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Interspecific competition between rainbow trout (Salmo gairdneri Richardson) and redside shiners (Richardsonius balteatus (Richardson)) in two British Columbia lakes Johannes, Robert Earl

Abstract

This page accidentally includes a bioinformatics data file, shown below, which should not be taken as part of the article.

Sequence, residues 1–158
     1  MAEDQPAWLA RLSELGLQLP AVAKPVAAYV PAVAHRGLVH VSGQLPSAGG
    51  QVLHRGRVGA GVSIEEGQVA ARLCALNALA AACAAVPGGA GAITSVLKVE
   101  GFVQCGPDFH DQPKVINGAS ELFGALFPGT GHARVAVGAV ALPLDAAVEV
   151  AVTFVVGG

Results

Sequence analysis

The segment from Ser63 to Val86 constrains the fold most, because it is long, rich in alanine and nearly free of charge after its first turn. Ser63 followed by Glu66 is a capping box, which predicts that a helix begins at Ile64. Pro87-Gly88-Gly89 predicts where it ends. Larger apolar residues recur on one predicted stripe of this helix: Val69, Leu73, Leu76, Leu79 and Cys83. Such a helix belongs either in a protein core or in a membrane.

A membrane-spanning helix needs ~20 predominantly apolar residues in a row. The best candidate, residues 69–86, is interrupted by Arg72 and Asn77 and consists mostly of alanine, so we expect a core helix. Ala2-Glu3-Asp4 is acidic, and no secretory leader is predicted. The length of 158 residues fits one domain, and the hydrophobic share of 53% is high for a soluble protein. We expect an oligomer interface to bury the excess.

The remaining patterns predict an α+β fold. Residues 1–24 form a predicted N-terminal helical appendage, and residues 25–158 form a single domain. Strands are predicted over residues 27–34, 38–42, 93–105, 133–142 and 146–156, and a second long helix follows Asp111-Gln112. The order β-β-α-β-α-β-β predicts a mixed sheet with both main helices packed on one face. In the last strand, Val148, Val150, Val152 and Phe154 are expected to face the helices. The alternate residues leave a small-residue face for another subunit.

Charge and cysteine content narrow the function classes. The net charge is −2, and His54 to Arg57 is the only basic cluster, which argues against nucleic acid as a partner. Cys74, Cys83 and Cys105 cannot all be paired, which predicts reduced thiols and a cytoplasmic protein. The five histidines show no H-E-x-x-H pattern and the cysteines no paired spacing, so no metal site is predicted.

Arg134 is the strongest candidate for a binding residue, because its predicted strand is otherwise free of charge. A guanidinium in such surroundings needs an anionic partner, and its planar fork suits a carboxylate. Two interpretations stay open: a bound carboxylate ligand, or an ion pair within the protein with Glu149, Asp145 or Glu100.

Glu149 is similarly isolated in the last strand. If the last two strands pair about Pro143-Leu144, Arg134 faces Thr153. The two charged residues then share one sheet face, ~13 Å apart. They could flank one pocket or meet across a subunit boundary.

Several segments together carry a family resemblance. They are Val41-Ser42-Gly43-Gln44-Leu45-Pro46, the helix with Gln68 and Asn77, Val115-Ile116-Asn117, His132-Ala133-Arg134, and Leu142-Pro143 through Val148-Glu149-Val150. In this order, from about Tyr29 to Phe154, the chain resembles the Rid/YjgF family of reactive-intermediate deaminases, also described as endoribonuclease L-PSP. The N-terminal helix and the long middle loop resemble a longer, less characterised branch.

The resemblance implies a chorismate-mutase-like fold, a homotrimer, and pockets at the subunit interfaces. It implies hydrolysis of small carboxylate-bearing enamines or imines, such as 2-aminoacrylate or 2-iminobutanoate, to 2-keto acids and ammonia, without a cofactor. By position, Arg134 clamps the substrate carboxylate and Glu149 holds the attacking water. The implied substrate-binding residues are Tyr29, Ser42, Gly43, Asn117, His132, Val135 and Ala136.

Competition is defined as the demand of two or more organisms for the same extrinsic resources in excess of supply. The distribution, movements, behaviour and food of trout and shiners in Paul and Pinantan lakes were studied in order to determine the item's and mechanisms of interspecific competition between them. Data from recent years were compared with data for years when trout alone inhabited the lake. No interspecific aggression was observed. The possibility that the two species were competing for space was discounted. Stomach contents of shiners in Pinantan Lake revealed a marked qualitative diurnal food cycle. In Paul Lake, shiners have drastically reduced the Gammarus population relative to its pre-shiner abundance. This overgrazing was caused by the concentration of large numbers of shiners over the shoals where Gammarus are also present in their highest concentrations and the ability of shiners to pursue food deeper into the weeds and to graze an area more thoroughly than trout. In Pinantan Lake shiners have apparently-reduced the density of Daphnia to a point where trout are unable to feed on them as rapidly as in pre-shiner years. The ability of both species to utilize many types of food tends to reduce the intensity of competition. The study demonstrates how false implications may arise from a delayed appraisal of competition. If observations had not been made on Paul Lake until after competition had been observed the importance of Gammarus as an item of competition would have probably been overlooked and the whole competitive relationship misconstrued. Included among the basic mechanisms of competition is the consumption by one or more organisms of something in short supply before it reaches a potential habitat where it would become available to another organism or group. Environmental factors and behaviour were shown to be important influences in the dynamics of competition. The physical and biological environment and the distribution and behaviour of competitors may be in states of continual flux. Hence natural competitive relationships can be considerably more complicated and variable than situations described by the most elastic of theoretical models.

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